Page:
Colleen: “I find I am able to concentrate on my work better because I don’t have so many other ideas floating around and distracting me. Also, it’s fun!”

Carol Alexander

5. Carol J Alexander

The home improvement copywriter

This freelancer and author starts off her week by writing:

  • Articles
  • Blog posts
  • Website copy
  • Case studies…
  • And more for the home remodeling and building industry.

But on the weekends, it’s all about writing for fun.

You’ll find her typing away at her personal and creative projects in the time she carefully and purposefully blocked off for it.

How it all started

Carol started her creative writing journey in college, where an advisor told her she wrote “second-rate poetry” and not to expect to make a living at it.

But Carol doesn’t let her naysayers get her down. In addition to publishing a cookbook in 2014, she is 36K words into a novel and has published numerous motivational essays.

Essay writing

“The essays are an outlet for my voice in the world,” says Carol. “I share my thoughts and opinions on topics that I otherwise wouldn’t have anyone to share with.”

From her novel, Carol is learning all about her family.

“The novel is my way of interpreting the life of a grandmother I never met,” says Carol. “My brother and I have traced her life through public records, but the novel breathes life and interpretation to a pile of facts that really tell us nothing more than addresses and dates.”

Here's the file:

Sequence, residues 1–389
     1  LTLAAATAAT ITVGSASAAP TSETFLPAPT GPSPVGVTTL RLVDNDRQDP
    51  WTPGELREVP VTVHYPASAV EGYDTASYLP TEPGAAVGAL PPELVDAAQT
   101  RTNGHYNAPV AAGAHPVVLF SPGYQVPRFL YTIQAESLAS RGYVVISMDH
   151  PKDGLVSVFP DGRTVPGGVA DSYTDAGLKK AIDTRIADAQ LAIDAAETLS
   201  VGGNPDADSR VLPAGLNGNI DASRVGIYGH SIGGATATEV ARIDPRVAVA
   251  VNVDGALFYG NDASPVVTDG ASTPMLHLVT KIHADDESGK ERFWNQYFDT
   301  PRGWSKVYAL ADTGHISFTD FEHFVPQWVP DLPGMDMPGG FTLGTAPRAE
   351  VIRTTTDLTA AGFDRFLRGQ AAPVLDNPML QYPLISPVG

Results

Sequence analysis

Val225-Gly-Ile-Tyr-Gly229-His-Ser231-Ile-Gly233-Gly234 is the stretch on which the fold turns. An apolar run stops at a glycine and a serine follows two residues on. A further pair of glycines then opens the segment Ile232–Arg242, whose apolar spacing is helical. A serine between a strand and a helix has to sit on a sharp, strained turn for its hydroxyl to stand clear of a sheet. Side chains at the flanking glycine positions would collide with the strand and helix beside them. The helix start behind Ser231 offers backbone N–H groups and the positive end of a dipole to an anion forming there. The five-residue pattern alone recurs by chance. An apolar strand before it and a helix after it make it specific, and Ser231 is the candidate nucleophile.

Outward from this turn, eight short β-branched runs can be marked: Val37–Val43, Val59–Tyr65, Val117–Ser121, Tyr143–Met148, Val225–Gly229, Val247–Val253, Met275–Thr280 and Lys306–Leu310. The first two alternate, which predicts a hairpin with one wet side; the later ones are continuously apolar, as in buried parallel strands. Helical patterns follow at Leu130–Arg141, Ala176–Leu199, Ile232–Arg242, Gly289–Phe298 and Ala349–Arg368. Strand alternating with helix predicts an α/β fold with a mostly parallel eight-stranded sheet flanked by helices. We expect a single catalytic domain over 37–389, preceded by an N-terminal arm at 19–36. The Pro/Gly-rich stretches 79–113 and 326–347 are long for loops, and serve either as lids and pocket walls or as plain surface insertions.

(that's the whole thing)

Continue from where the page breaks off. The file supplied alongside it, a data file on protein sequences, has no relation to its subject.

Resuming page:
Carol’s best advice for writers trying to balance it all?

“To motivate me to work on my creative writing when I don’t feel like it, I imagine my 80th birthday and having to tell my family the novel is still unfinished,” says Carol. “Someday never comes. Today is the only day you have. Take the opportunity to do the things you really want to do.”

Writing for fun & profit: You can do both

Balancing writing for fun and writing for pay boils down to one primary truth—you are a writer.

If writing is in your blood, then you’ll find a way to make it work. Whether that’s blocking off time on the weekends, visiting a writing group for accountability, or diving into research with family or academic motivations, there are plenty of ways to stir yourself up for more writing.

How do you balance writing for fun & profit? Leave a comment below.

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2 Comments

  1. Mark Chapman

    Combining the two is something I’d like to do, but I’m still not sure on the best way to balance them both. Interesting to read how other writers are doing it.

    Reply
  2. Joyce Morse Farinella

    For me, client writing comes first. It’s how I pay the bills. But when I finish my work for the day, I take a little time to work on my fiction, a cozy murder mystery. I also work on it a little more on the weekends.

    Reply